Thursday, June 21, 2012

Saint Pierre

C says:

While St Pierre is still part of "chef in black" Emmanuel Stroobant's restaurant group, he now only holds a consulting position; chef de cuisine is now Leandros Stagogiannis, who was previously at now defunct FiftyThree.

Besides an a la carte menu, there are two tasting menus - a 6 course Classic menu for $128, and a 10 course Degustation menu for $148. The Classic menu is just that - traditional dishes and preparations which sound yummy, but perhaps slightly predictable. The Degustation sounded a lot more experimental, so we decided to give that a go.

We were served 2 amuse bouches - the first was a spherification of pesto and tomato, and the next was a shot glass of langoustine puree and beetroot caviar.

I couldn't photograph the first course, because it was prepared tableside and we had to eat it straightaway, but basically the waiter used a siphon to squirt some tomato mousse onto a spoon, then immersed that in liquid nitrogen to blast freeze it. It tasted interesting but I found it a bit on the gimmicky side.

Next was razor clams with a tomato and coriander salsa with fennel, yam crisps and edible flowers. Again, this was just ok, since the salsa all but overwhelmed the razor clams, and at this stage we didn’t have a good feeling for the rest of the meal.

However, from the third course everything changed. Called Langoustine, this had poached then grilled langoustine with a langoustine consommé gelee, cucumber and onions. The consommé had loads of flavour, but what really blew me away was the langoustine. It was just barely yet perfectly cooked, yet it had a distinct charred smokiness from the grill.

Next was a foie gras parfait with brioche, raisins and a fig-port reduction. This was intensely flavourful and wonderfully creamy.

Champignon was next – an ode to all thing mushroom with seared king oyster mushroom, pickled shimeji, enoki and cep puree. This was a tad on the salty side, but there were morsels of Chinese pear to cut through all the umaminess of the mushrooms.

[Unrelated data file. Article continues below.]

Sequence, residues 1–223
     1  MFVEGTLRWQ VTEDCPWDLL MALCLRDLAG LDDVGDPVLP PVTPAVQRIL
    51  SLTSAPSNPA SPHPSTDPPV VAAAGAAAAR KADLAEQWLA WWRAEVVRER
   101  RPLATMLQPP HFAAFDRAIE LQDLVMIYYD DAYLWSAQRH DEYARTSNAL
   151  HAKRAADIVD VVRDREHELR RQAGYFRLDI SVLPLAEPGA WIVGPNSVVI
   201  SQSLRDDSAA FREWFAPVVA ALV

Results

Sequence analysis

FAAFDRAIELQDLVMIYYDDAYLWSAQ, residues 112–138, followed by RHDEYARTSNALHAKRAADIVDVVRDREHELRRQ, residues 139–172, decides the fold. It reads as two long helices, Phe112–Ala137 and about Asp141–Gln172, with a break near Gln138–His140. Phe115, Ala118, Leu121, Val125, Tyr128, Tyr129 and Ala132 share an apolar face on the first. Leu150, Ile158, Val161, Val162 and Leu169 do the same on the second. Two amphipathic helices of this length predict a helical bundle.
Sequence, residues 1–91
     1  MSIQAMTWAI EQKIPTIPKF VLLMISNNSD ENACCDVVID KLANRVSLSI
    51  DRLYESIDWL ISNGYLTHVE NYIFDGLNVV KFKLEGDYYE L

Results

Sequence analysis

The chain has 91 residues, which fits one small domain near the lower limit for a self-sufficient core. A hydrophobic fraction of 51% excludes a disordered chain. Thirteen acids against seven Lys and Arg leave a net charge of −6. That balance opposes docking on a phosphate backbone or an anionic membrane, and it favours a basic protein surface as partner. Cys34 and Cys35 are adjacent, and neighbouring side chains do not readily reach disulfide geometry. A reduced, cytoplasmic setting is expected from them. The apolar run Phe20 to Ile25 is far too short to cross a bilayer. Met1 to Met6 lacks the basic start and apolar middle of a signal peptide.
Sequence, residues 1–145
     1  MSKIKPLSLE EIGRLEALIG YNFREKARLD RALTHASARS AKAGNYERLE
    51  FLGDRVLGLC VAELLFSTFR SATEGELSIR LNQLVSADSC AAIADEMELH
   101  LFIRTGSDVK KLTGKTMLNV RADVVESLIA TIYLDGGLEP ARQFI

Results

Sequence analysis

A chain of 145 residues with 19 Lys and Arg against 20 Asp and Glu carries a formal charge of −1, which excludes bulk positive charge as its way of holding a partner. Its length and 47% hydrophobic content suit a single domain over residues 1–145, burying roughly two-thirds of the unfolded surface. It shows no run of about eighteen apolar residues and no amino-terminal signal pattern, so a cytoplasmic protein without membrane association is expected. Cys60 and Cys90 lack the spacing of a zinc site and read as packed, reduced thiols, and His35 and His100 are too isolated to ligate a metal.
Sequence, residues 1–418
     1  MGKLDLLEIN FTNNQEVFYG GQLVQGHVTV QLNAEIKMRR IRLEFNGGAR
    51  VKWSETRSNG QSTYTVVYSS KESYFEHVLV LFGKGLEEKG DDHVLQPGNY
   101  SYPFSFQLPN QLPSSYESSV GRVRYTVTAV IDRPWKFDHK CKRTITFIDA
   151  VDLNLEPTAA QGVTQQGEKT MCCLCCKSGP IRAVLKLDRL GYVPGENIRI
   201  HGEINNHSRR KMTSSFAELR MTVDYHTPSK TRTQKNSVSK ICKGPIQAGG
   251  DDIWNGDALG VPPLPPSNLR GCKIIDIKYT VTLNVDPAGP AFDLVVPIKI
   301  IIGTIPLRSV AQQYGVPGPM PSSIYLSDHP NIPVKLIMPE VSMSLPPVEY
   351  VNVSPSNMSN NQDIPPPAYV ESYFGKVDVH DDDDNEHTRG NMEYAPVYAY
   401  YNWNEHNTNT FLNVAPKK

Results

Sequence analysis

The escargot course came with sautéed snails drenched tableside with a garlic butter sauce, garlic scented oat “soil” and a fresh green salad. This was the second to last savoury course, and the meal was really well paced because both A and I started feeling full at the same point – just as we finished this course.

The Porc dish is the chef’s take on satay – barbequed iberico pork with leek dumplings and pomegranate seeds. The dumplings were a bit like rosti and surprisingly good, and the pork was wonderfully cooked; really tender, with just the right amount of charred fat at the ends.

The first sweet course was sweetcorn with yogurt and a cherry-almond sorbet. This was a good in-between course, because there were considerable salty elements to ease our palate from savoury to dessert.

Dessert was a carrot parfait with coconut ice cream, coconut crumble and mint oil. This was a bit too unconventional for me, but I appreciate their creating a non-chocolate, typical dessert.

It's sad that $148 per person is considered cheap these days, but the influx of celebrity restaurants like Waku Ghin, Joel Robuchon and even home-grown Andre have resulted in $300+ per head being par for the course. I really can't bring myself to fork out that much on a meal, and I'm glad that there are still restaurants like St Pierre that offer good food and a pleasant dining experience, at prices that don't break the bank. 

A says:

I’d still say $148 per pax is expensive. But for the amount of high quality dishes and impeccable service, I’d highly recommended this for a special occasion.

We’ll be back once the wallets have sufficiently recovered.

Saint Pierre
3 Magazine Road
#01-01 Central Mall
Tel: 6438-0887
Mon – Fri: noon – 3 pm; 7 pm – midnight (last order 9.30 pm)
Sat: 7 pm – midnight (last order 9.30 pm)
Closed Sunday

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